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About this poet

Federico García Lorca is one of the most important Spanish poets and dramatists of the twentieth century. He was born June 5, 1898, in Fuente Vaqueros, a small town a few miles from Granada. His father, Federico García Rodríguez, was a landowner, and his mother, Vicenta Lorca Romero, was a teacher.

Lorca published his first book, Impresiones y Viajes, in 1919. That same year, he traveled to Madrid, where he remained for the next decade. His first full-length play, El Maleficio de la mariposa, was produced there in 1920. The next year, he published Libro de poemas, a compilation of poems based on Spanish folklore.

In 1922, Lorca and the composer Manuel de Falla organized the first cante jondo, or “deep song,” festival in Granada; the deep song form permeated his poems of the early 1920s. During this period, Lorca also became part of a group of artists known as Generación del 27, which included Salvador Dalí and Luis Buñuel, who exposed the young poet to surrealism. In 1928, his poetry collection Romancero Gitano brought Lorca far-reaching fame; it was reprinted seven times during his lifetime.
 
In 1929 and 1930, Lorca traveled to New York City and Cuba. He returned to Spain in 1930 and, beginning in 1931, toured the country with the theater group La Barraca. He was arrested in Granada on August 16, 1936, near the beginning of the Spanish Civil War. He is believed to have been murdered by Fascist forces on August 18 or 19, 1936.


Selected Bibliography

Poetry
In Search of Duende (New Directions, 1998)
The Poetical Works of Federico García Lorca (Farrar, Straus and Giroux, 1988)
Impressions and Landscapes (University Press of America, 1987)
Poem of the Deep Song (City Light Books, 1987)
Songs (Duquesne University Press, 1976)
The Ballad of the Spanish Civil Guard (Janus Press, 1974)
Divan and Other Writings (Bonewhistle Press, 1974)
Tree of Song (Unicorn Press, 1971)
Selected Poems (New Directions, 1955)
The Gypsy Ballads (Indiana University Press, 1953)
The Poet in New York (W. W. Norton, 1940)
Lament for the Death of a Bullfighter and Other Poems (Oxford University Press, 1937)


Drama
Ill Tragedies: Blood Wedding, Yerma, Bernarda Alba (New Directions, 1947)
From Lorca’s Theatre: Five Plays of Federico García Lorca (C. Scribner’s Sons, 1941)

 

 

The Old Lizard

In the parched path 
I have seen the good lizard 
(one drop of crocodile) 
meditating. 
With his green frock-coat 
of an abbot of the devil, 
his correct bearing 
and his stiff collar, 
he has the sad air 
of an old professor. 
Those faded eyes 
of a broken artist, 
how they watch the afternoon 
in dismay!

Is this, my friend, 
your twilight constitutional? 
Please use your cane,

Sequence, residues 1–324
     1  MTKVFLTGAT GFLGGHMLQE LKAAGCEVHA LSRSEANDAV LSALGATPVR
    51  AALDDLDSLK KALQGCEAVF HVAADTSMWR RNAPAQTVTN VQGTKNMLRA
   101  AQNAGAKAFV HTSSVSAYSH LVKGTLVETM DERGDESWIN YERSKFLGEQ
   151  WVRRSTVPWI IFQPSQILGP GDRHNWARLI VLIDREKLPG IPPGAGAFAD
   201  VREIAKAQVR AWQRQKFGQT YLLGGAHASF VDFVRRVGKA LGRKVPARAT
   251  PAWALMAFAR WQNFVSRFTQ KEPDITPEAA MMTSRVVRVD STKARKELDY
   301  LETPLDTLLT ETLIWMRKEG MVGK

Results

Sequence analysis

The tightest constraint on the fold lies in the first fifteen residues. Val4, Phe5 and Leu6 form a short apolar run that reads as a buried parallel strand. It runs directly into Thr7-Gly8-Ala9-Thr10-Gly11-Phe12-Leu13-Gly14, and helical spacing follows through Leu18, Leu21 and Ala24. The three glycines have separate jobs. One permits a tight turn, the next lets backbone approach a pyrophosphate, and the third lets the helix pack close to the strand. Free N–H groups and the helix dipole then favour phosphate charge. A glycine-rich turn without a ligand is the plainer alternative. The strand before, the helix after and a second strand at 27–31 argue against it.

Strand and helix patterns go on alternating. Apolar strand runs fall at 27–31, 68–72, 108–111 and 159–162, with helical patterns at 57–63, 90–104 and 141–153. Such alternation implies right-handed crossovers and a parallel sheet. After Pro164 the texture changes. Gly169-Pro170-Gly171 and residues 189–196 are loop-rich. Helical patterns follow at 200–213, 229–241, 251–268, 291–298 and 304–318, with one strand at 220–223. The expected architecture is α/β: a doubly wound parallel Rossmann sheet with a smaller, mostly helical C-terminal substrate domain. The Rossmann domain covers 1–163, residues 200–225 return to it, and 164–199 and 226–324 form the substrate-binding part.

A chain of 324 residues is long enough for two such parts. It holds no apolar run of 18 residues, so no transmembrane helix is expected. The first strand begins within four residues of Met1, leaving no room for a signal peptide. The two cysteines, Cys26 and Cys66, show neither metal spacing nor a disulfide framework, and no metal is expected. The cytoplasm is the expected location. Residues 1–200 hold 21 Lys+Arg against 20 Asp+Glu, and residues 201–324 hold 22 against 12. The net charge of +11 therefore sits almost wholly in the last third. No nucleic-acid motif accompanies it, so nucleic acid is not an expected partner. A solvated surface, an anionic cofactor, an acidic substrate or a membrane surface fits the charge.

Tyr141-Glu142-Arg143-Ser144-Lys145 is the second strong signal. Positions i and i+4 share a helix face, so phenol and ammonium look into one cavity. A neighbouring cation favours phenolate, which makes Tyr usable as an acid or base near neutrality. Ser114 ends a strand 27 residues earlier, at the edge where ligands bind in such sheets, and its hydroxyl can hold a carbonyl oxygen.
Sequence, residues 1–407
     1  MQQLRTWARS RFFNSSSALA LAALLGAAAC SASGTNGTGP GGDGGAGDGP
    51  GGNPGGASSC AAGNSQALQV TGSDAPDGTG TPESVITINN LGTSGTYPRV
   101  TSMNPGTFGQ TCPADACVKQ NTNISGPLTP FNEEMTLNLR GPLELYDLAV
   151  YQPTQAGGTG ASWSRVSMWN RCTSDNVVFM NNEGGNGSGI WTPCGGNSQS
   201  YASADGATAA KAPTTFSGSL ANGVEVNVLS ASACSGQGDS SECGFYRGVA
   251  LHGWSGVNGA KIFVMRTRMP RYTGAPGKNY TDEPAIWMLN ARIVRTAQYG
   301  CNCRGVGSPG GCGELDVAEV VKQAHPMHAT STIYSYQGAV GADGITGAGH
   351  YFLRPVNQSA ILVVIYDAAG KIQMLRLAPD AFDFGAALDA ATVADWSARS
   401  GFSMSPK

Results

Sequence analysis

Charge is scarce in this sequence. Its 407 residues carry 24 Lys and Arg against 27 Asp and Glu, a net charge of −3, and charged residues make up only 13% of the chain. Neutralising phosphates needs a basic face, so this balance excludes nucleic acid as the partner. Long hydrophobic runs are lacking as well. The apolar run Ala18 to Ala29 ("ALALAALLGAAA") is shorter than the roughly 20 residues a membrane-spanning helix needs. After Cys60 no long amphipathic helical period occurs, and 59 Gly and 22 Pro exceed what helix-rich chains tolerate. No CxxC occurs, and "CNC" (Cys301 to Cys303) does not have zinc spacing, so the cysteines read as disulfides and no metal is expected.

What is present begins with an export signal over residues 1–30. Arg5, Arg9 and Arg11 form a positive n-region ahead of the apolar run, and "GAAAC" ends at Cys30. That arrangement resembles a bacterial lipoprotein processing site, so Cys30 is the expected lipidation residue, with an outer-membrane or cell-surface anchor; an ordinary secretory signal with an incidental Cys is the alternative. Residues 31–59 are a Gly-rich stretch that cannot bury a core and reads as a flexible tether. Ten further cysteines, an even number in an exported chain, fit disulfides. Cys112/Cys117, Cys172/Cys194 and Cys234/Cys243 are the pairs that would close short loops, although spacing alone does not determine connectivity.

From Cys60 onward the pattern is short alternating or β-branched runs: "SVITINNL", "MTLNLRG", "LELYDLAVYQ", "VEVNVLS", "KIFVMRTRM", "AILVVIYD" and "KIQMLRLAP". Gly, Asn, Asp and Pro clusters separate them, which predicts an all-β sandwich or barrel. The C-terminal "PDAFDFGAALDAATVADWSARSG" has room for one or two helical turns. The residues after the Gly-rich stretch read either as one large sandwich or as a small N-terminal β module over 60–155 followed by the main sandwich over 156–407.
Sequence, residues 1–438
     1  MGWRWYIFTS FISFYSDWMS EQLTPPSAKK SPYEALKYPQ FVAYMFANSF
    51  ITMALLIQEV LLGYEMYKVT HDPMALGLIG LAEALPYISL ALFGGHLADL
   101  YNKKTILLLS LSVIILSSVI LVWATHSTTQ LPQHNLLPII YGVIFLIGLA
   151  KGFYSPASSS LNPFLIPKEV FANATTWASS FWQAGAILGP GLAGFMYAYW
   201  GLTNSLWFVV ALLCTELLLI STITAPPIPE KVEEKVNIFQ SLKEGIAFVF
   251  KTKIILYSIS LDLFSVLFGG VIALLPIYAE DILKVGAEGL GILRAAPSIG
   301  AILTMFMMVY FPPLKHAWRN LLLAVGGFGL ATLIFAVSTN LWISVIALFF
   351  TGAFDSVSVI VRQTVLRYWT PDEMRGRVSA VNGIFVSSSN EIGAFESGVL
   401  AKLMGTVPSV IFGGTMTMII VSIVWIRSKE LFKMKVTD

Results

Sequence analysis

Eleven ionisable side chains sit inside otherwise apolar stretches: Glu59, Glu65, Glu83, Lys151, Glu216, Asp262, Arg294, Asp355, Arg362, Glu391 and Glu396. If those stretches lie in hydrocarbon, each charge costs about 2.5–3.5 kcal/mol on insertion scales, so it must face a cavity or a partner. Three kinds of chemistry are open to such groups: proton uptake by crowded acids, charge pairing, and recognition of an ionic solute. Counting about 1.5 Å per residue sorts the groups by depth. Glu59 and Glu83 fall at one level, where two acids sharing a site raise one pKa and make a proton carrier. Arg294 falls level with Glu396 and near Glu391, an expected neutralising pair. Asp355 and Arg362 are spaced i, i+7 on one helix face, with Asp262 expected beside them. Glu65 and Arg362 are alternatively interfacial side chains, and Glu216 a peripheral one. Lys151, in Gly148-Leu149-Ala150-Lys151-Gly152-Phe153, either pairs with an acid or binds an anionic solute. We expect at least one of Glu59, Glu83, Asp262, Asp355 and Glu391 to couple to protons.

you are very old, Mr. Lizard, 
and the children of the village 
may startle you.
What are you seeking in the path, 
my near-sighted philosopher, 
if the wavering phantasm 
of the parched afternoon 
has broken the horizon? 

Are you seeking the blue alms 
of the moribund heaven? 
A penny of a star? 
Or perhaps 
you've been reading a volume 
of Lamartine, and you relish 
the plateresque trills 
of the birds? 

(You watch the setting sun, 
and your eyes shine, 
oh, dragon of the frogs, 
with a human radiance. 
Ideas, gondolas without oars, 
cross the shadowy 
waters of your 
burnt-out eyes.) 

Have you come looking 
for that lovely lady lizard, 
green as the wheatfields 
of May, 
as the long locks
of sleeping pools, 
who scorned you, and then 
left you in your field? 
Oh, sweet idyll, broken 
among the sweet sedges! 
But, live! What the devil! 
I like you. 
The motto "I oppose 
the serpent" triumphs 
in that grand double chin 
of a Christian archbishop. 

Now the sun has dissolved 
in the cup of the mountains, 
and the flocks 
cloud the roadway. 
It is the hour to depart: 
leave the dry path 
and your meditations. 
You will have time 
to look at the stars 
when the worms are eating you 
at their leisure.


Go home to your house 
by the village, of the crickets! 
Good night, my friend 
Mr. Lizard! 

Now the field is empty, 
the mountains dim, 
the roadway deserted. 
Only, now and again, 
a cuckoo sings in the darkness 
of the poplar trees.

Copyright © 2005 by Federico García Lorca and Lysander Kemp. From The Selected Poems. Reprinted with permission of New Directions Press.

Copyright © 2005 by Federico García Lorca and Lysander Kemp. From The Selected Poems. Reprinted with permission of New Directions Press.

Federico García Lorca

Federico García Lorca is one of the most important Spanish poets and dramatists of the twentieth century.

by this poet

poem

(skip to the original poem in Spanish)

Green, how I want you green.
Green wind. Green branches.
The ship out on the sea
and the horse on the mountain. 
With the shade around her waist 
she dreams on her balcony, 
green flesh, her hair green, 
with eyes of cold silver. 
Green, how I
poem

(Skip to the original poem in Spanish)

Tree, tree
dry and green.

The girl with the pretty face 
is out picking olives. 
The wind, playboy of towers, 
grabs her around the waist. 
Four riders passed by
on Andalusian ponies, 
with blue and green jackets 
and big, dark capes. 
"Come
poem
   I want to sleep the sleep of the apples,
I want to get far away from the busyness of the cemeteries.
I want to sleep the sleep of that child
who longed to cut his heart open far out at sea.

   I don't want them to tell me again how the corpse keeps all its blood,
how the